I was trying to find something inert to cut down on the strength of the soil. I couldn't find any kitty litter and my LFS isn't super huge and didn't have turface or the other thing the other poster recommended. So we tried this sand. It was expensive. it's shrimp sand, larger grain size. the product is german. I probably cut it somewhere around 40 sand/60 soil or 50/50 but I definitely favored the soil more so.
Found the type! https://www.garnelenhaus.com/dennerle/nano-garnelenkies-sulawesi-black

According to the soil label, there are added fertilisers in this soil, but that might be OK and not a huge issue (still, would be much better if there wasn't...). I managed to start tanks with soils that have added fertilizers. It was a little bit more hassle in the beginning and I put the shrimp / fish in later than I normally would do.

I think having a sponge filter is OK with an NPT as long as you do not make the water circulate too much (i.e too strong air bubbles). At this stage there is a good chance that occasionally there is more CO2 in the water column than the equilibrium level. This can help your plants grow if you don't drive it out to the air.
I can lower the bubbles down. honestly, it's not even the right sponge for the tank since it's a sponge for up to 40 gallons. I can pull it out this morning just to make sure the gas exchange isn't affected.

DO NOT DOSE that tank with liquid fertilizers, especially not at this stage. Soils normally contain tons of nutrients (see book), and now your tank is not deficient of any of those. In fact, probably there is too "much" in the water column from some of the micro/macro. Liquid fertilizers in some cases can cause algae and other issues with such tanks.
Yes I know this. the only thing I added was some fritzyme 7 to help with the filter but I'll take the filter out. otherwise, nothing has gone in this tank except for prime when I first added the water. I think the bloom is because of the soil since I did not mineralize it. I didn't have the space (or frankly the patience) to do it and so here we go!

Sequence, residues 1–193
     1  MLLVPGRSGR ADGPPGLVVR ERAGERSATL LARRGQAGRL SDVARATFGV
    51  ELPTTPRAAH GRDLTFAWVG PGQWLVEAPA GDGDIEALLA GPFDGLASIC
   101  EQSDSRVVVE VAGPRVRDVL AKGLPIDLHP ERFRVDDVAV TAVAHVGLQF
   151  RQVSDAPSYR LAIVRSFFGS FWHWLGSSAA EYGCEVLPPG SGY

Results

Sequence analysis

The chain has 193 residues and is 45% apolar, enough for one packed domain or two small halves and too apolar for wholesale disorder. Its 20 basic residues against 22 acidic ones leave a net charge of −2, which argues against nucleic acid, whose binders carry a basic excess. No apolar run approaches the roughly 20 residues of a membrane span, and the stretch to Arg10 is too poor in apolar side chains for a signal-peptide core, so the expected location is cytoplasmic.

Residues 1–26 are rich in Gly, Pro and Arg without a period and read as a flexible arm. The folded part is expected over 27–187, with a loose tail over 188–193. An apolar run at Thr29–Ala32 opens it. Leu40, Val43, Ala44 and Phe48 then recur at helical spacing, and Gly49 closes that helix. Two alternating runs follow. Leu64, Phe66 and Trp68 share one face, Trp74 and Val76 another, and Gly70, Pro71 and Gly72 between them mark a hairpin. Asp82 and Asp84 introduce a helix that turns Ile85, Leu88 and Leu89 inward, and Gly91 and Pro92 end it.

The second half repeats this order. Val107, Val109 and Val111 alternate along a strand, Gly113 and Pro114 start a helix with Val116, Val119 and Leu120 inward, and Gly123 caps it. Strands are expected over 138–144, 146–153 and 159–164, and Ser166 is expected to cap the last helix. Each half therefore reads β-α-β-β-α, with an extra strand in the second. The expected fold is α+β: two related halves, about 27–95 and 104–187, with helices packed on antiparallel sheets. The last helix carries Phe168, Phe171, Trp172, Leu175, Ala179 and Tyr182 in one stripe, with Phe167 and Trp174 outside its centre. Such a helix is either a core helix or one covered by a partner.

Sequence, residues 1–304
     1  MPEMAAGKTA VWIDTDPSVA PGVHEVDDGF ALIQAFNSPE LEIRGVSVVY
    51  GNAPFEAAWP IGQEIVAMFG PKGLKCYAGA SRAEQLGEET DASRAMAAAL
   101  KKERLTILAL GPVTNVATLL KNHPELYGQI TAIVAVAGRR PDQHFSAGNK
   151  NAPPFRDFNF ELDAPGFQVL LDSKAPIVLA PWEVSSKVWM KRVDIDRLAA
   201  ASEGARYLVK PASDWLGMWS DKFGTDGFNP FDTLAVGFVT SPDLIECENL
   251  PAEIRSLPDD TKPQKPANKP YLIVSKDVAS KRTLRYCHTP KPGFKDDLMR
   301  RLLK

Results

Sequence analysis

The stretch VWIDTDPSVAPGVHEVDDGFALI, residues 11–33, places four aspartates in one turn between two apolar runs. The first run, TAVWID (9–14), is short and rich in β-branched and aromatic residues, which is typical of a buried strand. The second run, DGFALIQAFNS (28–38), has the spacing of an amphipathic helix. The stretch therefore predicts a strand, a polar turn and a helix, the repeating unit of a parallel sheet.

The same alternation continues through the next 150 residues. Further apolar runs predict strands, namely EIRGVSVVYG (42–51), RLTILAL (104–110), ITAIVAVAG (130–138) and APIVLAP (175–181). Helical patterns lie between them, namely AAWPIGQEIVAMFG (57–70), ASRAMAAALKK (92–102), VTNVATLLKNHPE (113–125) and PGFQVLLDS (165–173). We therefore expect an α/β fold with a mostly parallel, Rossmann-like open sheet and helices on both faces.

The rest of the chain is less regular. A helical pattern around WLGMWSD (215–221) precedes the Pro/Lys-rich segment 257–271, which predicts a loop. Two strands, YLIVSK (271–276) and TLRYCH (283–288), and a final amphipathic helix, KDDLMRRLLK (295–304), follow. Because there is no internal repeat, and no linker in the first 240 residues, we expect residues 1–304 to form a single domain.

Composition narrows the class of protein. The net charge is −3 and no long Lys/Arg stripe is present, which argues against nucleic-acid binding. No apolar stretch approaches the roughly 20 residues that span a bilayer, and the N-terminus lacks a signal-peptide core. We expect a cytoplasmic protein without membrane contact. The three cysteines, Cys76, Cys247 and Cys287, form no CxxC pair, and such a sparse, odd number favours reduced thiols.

At this point, you will want to look for new growth on the plants. If some old leaves die off, that's okay. Still, you should see some growth in the next 1-2(-3) weeks. If you have larger areas where plants are not growing but dying off, then you'll want to do something about that.
So far as of yesterday, everything looked good. I have some water sprite I put in from my old tank. some of it's planted and a few pieces are floating. I also added some very small pieces of java fern wendilov and a small bucephalandra. Today, I am going to get some anubius coffeefolia and maybe see if they have any more dwarf sag or pygmy chains at my LFS. I took the last of what they had saturday and he has a plant shipment coming today. I also ordered some weeping moss online so hopefully that will show up in the next few days to help stabilize the tank. At this point, I'm feeling a bit nervous since everyone I spoke to expressed reservations about a dirted tank but I wanted to try it. Now I really want it to succeed!
 

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My tank had a bacterial bloom for a few days when I set it up, and then again after keeping the light on for hours longer than usual so I could do a re-scape. They usually clear up without you needing to do much. What is your current photoperiod? And do you have any idea how bright the light is right now?

This site seems to give a reasonable estimate:

http://www.rotalabutterfly.com/light-calculator.php

It's always nice to know approximately how much light you're running. If you're going really bright for your plants (which seem to be mostly lowlight plants: anubias, and crypts) then you could turn it down, and this might help clear up the water. The floaters are going to do most of the work as far as removing nitrogen, and they're so close to the light that even a lower setting will most likely work.
 

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As far as the water change goes, in the early stages of a dirted tank it doesn't hurt, but your nutrient levels aren't super high.

If you want to speed things up you could add some stuff that grows crazy fast, like duckweed or hornwort. duckweed is a pain for a couple reasons, but it will keep your water very clean after it gets established, which doesn't take long, and might help you be able to add fish sooner.
 

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Should I do anything? Water change? Or just let it sit? I added more plants last night. Some huge anubius, crypts, and a few more.